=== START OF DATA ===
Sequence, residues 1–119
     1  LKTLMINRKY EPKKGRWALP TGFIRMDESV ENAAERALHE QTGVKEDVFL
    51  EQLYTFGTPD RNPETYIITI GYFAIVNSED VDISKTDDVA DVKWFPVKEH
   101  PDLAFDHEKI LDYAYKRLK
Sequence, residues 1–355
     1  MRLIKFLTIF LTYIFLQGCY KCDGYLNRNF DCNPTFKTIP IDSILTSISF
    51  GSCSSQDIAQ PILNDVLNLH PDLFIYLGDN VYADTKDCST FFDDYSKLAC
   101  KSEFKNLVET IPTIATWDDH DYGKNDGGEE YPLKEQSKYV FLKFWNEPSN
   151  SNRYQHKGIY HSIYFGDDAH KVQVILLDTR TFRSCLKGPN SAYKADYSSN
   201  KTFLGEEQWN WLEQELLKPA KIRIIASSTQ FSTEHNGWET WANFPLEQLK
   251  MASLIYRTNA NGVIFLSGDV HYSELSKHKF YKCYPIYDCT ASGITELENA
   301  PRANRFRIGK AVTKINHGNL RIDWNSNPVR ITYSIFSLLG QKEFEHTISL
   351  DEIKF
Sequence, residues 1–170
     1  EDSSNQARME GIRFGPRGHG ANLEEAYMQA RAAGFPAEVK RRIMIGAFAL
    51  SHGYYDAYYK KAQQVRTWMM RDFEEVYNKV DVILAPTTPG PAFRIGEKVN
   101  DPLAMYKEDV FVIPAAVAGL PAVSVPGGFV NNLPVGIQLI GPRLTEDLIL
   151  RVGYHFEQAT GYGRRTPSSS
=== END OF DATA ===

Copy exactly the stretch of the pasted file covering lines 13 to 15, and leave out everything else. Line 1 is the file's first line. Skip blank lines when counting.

   351  DEIKF
Sequence, residues 1–170
     1  EDSSNQARME GIRFGPRGHG ANLEEAYMQA RAAGFPAEVK RRIMIGAFAL